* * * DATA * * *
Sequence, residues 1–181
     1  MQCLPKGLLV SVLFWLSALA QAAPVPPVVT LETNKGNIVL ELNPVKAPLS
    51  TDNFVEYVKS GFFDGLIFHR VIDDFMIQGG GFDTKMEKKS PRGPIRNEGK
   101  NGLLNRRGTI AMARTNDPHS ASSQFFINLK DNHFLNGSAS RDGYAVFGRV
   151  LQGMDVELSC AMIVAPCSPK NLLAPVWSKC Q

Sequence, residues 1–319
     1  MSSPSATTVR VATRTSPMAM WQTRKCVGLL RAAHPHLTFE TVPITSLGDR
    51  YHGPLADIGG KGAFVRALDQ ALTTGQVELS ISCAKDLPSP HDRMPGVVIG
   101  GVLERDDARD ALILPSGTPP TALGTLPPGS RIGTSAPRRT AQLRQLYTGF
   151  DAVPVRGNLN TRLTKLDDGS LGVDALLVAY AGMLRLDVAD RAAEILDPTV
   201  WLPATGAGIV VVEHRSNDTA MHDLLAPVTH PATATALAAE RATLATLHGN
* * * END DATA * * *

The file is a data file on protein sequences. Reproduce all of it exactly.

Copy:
Sequence, residues 1–181
     1  MQCLPKGLLV SVLFWLSALA QAAPVPPVVT LETNKGNIVL ELNPVKAPLS
    51  TDNFVEYVKS GFFDGLIFHR VIDDFMIQGG GFDTKMEKKS PRGPIRNEGK
   101  NGLLNRRGTI AMARTNDPHS ASSQFFINLK DNHFLNGSAS RDGYAVFGRV
   151  LQGMDVELSC AMIVAPCSPK NLLAPVWSKC Q

Sequence, residues 1–319
     1  MSSPSATTVR VATRTSPMAM WQTRKCVGLL RAAHPHLTFE TVPITSLGDR
    51  YHGPLADIGG KGAFVRALDQ ALTTGQVELS ISCAKDLPSP HDRMPGVVIG
   101  GVLERDDARD ALILPSGTPP TALGTLPPGS RIGTSAPRRT AQLRQLYTGF
   151  DAVPVRGNLN TRLTKLDDGS LGVDALLVAY AGMLRLDVAD RAAEILDPTV
   201  WLPATGAGIV VVEHRSNDTA MHDLLAPVTH PATATALAAE RATLATLHGN